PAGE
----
Verb: Honorific Past Tense

Few days ago my posting is about past tense form of word.  As we all know Korean communicates in some level of politeness.  Today what I have learned is to form honorific past tense of a word.  It would be helpful to know how to derive the honorific base and infinitive of the word first, check this link to review it.

Similar to previous post on forming past tense of the word, the honorific past tense is derived using the same progression:

  • Base
  • Honorific Base – formed by adding 으시 (consonant ending words) or 시 (vowel ending words) to the base form.
  • Honorific Infinitive – formed by adding ㅓ to the base honorific form therefore 으시 becomes 으셔 and 시 becomes 셔.
  • Past Honorific Base – add ㅆ to the honorific infinitive form 
  • Past Honorific Infinitive – add ㅓ  to the past honorific base
  • Past Honorific Polite  – add 요  to the past honorific infinitive

Now let’s have a sample:

  • Base – let’s use the word 가 (ka) which means go
  • Honorific Base – 가시 (kashi)
  • Honorific Infinitive – 가셔 (kasyeo)
  • Past Honorific Base – 가셨 (kasyeoss) remember final consonant ㅅ and ㅆ are swallowed during pronunciation therefore the honorific infinitive and past honorific base may have the same pronunciation.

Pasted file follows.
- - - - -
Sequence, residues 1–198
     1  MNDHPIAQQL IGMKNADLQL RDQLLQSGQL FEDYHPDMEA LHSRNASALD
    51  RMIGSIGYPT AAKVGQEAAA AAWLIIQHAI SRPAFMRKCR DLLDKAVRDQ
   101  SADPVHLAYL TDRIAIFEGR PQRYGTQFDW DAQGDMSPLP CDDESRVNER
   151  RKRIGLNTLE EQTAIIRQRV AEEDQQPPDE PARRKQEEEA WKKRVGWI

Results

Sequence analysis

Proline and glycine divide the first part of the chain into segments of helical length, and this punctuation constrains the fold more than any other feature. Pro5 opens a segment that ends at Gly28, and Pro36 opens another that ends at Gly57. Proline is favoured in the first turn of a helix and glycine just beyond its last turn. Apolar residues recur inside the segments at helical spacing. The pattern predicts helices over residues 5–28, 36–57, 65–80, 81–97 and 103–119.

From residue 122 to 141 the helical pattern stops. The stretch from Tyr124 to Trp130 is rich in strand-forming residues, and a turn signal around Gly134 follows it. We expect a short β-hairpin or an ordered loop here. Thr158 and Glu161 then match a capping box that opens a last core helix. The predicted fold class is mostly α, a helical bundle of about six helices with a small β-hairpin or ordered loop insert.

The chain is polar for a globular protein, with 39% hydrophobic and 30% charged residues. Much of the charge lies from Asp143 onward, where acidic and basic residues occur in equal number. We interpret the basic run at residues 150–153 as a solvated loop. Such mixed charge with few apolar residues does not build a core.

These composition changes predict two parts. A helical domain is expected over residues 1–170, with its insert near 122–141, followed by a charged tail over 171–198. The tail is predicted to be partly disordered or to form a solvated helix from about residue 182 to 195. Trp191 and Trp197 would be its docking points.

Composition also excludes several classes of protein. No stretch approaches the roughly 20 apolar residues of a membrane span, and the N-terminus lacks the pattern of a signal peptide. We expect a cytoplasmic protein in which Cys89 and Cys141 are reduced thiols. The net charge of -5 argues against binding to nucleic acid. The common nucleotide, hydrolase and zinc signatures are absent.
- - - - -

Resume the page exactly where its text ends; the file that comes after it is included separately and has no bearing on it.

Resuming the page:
• Past Honorific Infinitive – 가셨어 (ka-syeo-sseo) this already means gone or left
  • Past Honorific Polite  – 가셨어요 (ka-syeo-sseo-yo)

Therefore ‘sat’ which is the past tense of the word ‘sit’ will be 앉으셨어 (an-ju-syeo-seo) add 요 then it becomes honorific polite ending verb 앉으셨어요 (an-ju-syeo–seo-yo).

Honorific Verbs

Honorifics in Korean does not end with the correct titles and verb ending.  There are some verbs that are honorific and should be used instead of the usual one.   There are 3 verbs I learned that are considered honorific.

  • 주무시 – chumushi which means sleep
  • 계 – kye meaning stay
  • 잡수시 – chapsushi which means to eat

So in saying goodnight or sleep well to an esteemed person, one may say 안녕히 주무세요 (annyeonghi chumuseyo) or 잘 주무세요 (jal chumuseyo).  Politely this can be expressed as 잘 자요 (jal jayo) removing the 요 ‘yo’ will make it intimate or said to someone close or younger to you.

The same in asking someone to eat, 잡수세요 japsuseyo is the expression to use for someone who is older or esteemed rather than the polite casual style which is 먹어요 (mok-oyo).  Again, removing the 요 ‘yo’ will make it intimate.